In this modern era of movies, games, and even books, most publishers don’t put their money forward unless expanding into a trilogy or other similar franchise opportunities is a possibility. The difference between many IP’s and The Order: 1886 is that its foundation was made to support an ongoing narrative that arches over centuries.
In a recent interview with GamesTM, Ready at Dawn’s Creative Director Ru Weerasuriya talked about the development of their PS4 exclusive, The Order: 1886.
“We’ve built this franchise to be much bigger than just one game. There are stories that have been told in the game, but there are stories that haven’t, and stories about what happens after the events of this game.” Weerasuriya goes on, “Absolutely, though, I would love to get the chance to tell more stories with sequels and other things that we can do with the intellectual property.”
Of course, every game creator wants the chance to make more, should their story allow it, but there have been many times where investors push to add numbers to game titles, whether or not its good for the game itself, to expand their wallets. This is the business side of the gaming industry. Now, the foundation of The Order: 1886 can appease the bigwigs while telling more stories quite naturally.
The backstory of The Order: 1886, which started being written in 2006, tells of an order –obviously– of knights that span as far back to and originate with King Arthur and His Knights of the Round Table. The names of the original knights are passed on as title’s over the years to worthy recruits, and with the title comes immense world-saving responsibility.
Through trailers we’ve seen Sebastian Malory, who has the title Sir Percival; Isabeau D’Argyll, who was given the alias Lady Igraine; and Sir Galahad, whom you, the gamer, play the part of. Though it is assumed that the definitive Arthurian text Le Mort D’Arthur is a source of inspiration, as Sebastian Malory is a descendant of Thomas Malory, the book’s author, there hasn’t been word on it other knights may be included in The Order: 1886. That being said, the opportunity for other knights to be included in or lead stories of their own in future titles is fully there.
Fun fact: Arthurian stories have ranged from 12 to 150 knights participating in King Arthur’s “equally the best” club, though the Winchester Round Table sports 25 names engraved into the wood.
Lastly, and perhaps most interestingly, is Marquis de Lafayette’s involvement in The Order. A real historical figure who fought in both the French and American Revolutions, Lafayette is a knight-in-training and currently awaiting his title. Why the inclusion of Lafayette is so intriguing is this: the addition of someone with much established history couldn’t have been a mistake.
It could be a nice twist on history –alternative history can be great as you both know and don’t know what has and will happen– but it could also hint at how the rest of the series could unfold. What other parts of history could this Order have touched?
The Order, presumably having been established centuries ago, covered plenty of time with many adventures set in many eras and cities. What does this sound like? That’s right; Assassin’s Creed.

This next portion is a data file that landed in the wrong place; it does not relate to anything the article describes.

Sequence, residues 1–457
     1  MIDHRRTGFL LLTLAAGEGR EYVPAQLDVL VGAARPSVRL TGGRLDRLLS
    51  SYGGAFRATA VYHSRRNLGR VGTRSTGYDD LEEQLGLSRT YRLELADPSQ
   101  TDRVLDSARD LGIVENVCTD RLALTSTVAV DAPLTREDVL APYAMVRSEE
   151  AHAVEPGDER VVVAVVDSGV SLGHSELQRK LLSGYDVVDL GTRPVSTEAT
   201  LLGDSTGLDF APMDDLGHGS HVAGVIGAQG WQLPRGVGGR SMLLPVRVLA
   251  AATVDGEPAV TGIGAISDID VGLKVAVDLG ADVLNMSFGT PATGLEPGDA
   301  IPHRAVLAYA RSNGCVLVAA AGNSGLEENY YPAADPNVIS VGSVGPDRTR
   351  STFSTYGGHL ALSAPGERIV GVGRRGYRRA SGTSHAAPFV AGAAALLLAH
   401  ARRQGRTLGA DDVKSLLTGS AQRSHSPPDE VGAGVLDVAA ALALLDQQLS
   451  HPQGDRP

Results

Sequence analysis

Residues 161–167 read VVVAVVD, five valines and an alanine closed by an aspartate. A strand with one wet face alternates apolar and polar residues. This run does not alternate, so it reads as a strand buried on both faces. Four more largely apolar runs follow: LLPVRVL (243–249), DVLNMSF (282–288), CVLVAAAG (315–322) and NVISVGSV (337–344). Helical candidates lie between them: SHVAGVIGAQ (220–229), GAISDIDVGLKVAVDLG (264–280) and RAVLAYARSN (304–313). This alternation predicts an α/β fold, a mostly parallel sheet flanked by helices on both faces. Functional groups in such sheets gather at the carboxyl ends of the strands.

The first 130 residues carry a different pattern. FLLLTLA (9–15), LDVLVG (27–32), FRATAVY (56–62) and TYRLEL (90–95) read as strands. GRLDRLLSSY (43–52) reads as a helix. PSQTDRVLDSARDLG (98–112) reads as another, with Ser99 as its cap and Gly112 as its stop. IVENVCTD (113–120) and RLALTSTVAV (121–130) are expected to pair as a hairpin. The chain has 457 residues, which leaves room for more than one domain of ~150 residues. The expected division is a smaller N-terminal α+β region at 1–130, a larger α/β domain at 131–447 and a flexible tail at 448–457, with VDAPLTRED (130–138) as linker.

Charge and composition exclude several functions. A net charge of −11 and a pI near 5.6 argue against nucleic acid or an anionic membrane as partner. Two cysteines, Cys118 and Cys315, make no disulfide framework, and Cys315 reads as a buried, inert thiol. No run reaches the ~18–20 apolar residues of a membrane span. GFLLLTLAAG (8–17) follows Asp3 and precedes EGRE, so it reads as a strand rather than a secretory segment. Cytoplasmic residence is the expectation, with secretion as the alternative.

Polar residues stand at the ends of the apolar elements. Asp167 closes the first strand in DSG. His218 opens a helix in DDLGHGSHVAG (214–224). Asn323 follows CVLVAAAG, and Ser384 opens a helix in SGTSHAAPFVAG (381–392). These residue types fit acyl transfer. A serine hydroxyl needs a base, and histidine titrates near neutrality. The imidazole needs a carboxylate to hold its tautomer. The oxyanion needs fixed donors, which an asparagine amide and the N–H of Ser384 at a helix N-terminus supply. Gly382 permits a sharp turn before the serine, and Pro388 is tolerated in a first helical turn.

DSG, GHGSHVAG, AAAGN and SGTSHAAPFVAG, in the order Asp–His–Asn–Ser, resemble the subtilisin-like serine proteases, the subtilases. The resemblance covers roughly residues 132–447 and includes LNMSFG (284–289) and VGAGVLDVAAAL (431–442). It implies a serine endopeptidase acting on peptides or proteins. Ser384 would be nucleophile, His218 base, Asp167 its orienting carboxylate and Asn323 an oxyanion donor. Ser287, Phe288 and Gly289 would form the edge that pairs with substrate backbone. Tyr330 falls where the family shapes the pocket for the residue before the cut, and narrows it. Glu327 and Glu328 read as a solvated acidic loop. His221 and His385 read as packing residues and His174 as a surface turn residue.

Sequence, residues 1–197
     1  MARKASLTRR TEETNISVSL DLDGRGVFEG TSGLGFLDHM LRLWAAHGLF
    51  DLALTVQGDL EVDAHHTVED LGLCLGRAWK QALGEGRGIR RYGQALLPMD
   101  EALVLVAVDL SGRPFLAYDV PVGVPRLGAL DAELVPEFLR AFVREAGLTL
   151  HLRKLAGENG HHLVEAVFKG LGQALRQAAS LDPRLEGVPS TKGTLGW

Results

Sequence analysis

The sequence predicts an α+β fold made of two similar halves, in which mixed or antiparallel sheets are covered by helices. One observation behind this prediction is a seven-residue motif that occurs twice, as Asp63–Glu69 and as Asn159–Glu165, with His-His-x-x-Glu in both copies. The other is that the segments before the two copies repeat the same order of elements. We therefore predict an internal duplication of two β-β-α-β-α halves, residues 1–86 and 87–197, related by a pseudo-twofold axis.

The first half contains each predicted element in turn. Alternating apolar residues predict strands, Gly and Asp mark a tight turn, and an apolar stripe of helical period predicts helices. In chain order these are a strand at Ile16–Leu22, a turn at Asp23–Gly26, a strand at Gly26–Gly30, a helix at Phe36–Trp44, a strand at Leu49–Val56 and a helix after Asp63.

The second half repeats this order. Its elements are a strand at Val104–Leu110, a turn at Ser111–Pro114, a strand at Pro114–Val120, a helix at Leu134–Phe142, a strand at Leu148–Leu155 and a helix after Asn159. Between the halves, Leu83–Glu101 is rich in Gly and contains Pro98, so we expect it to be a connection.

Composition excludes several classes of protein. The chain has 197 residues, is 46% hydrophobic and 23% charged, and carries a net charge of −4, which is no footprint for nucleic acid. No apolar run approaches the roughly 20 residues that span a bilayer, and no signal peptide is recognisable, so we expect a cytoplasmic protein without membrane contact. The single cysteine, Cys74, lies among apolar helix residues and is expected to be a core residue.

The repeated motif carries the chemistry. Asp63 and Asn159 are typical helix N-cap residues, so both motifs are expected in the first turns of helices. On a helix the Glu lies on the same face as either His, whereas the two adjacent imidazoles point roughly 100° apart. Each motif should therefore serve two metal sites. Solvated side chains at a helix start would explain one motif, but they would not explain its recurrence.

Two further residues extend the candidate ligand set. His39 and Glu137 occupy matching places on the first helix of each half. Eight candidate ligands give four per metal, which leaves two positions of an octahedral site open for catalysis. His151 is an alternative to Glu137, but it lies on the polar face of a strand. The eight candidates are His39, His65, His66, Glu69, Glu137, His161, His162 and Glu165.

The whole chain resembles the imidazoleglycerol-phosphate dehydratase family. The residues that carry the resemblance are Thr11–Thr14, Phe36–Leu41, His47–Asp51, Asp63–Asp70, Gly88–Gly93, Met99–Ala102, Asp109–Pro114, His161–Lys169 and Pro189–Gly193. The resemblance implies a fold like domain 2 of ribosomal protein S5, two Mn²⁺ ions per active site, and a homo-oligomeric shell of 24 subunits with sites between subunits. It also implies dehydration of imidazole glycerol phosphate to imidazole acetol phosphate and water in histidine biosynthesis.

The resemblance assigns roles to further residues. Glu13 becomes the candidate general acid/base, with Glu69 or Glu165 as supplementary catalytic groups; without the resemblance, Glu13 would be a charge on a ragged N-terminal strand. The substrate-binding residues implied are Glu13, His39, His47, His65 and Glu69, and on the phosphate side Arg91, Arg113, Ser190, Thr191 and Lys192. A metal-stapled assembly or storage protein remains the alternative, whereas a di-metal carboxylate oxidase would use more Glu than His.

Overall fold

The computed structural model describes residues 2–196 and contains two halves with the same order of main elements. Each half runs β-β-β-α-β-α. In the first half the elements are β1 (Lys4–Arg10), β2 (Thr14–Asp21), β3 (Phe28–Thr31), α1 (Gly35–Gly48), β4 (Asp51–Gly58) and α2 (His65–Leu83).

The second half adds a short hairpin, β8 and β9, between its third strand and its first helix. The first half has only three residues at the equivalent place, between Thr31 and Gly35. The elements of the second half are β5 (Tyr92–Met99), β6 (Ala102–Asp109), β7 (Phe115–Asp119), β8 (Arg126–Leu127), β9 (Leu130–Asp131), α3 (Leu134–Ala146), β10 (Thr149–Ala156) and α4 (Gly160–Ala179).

The formula has proven bountiful for Ubisoft and though I believe that Ready at Dawn are genuinely crafting a unique IP without a copycat mentality –proven by the strain of lore, cinematic art style, and so on– the similarity of opportunity is undeniable. If it plays solidly and is well-received, The Order could be Sony’s next big franchise with incredible longevity.
The acceptance of technology in The Order: 1886 could also prove to be a leg up on the Assassin’s Creed series. Ubisoft has made it well-known that eras involving sophisticated machinery and artillery (cars, for example) are no Animus-zones, but Ready at Dawn have evidently embraced newly applied sciences.
Even though most of the tech is acquired post-Industrial Revolution (late 1700’s – early 1800’s), I can just as easily picture The Order: 1429 as I can The Order: 1916 –the years of Joan of Arc’s victory at the Siege of Orléans, marking a turning point in the Hundred Years’ War, and of the first World War’s bloodiest battle, The Battle of Verdun.
What figures in history have been part of this Order? What other historical events could have resulted from (or been caused by) This Order? Who else do we know could have participated in it? One of the most badass people the world has ever seen, “Mad” Jack Churchill, could have been a Sir Lancelot for all we know.
The potential for a variety of environments, eras, characters and pages of alternate history is thoroughly exciting, even if restricted to the last 128 years. Not only is an alternative and potential competitor for the Assassin’s Creed franchise necessary, but a deep series whose developer has put stress on the integrity of storytelling is, in its own right, welcome to the fold. After all, Ready at Dawn has been writing The Order’s lore and story for an impressive 8 years now.
To bring us from elation and back to reality, we still haven’t seen much of The Order: 1886, only being given an announcement and brief gameplay trailer, and it’s supposed to come out at the end of this Summer. The developing studio thus far has only worked on ports, aside from Daxter for the PSP. There are many questions left, perhaps even concerns, and hopefully we’ll receive answers at E3, but it’s undeniable that this new IP has the potential to be truly special.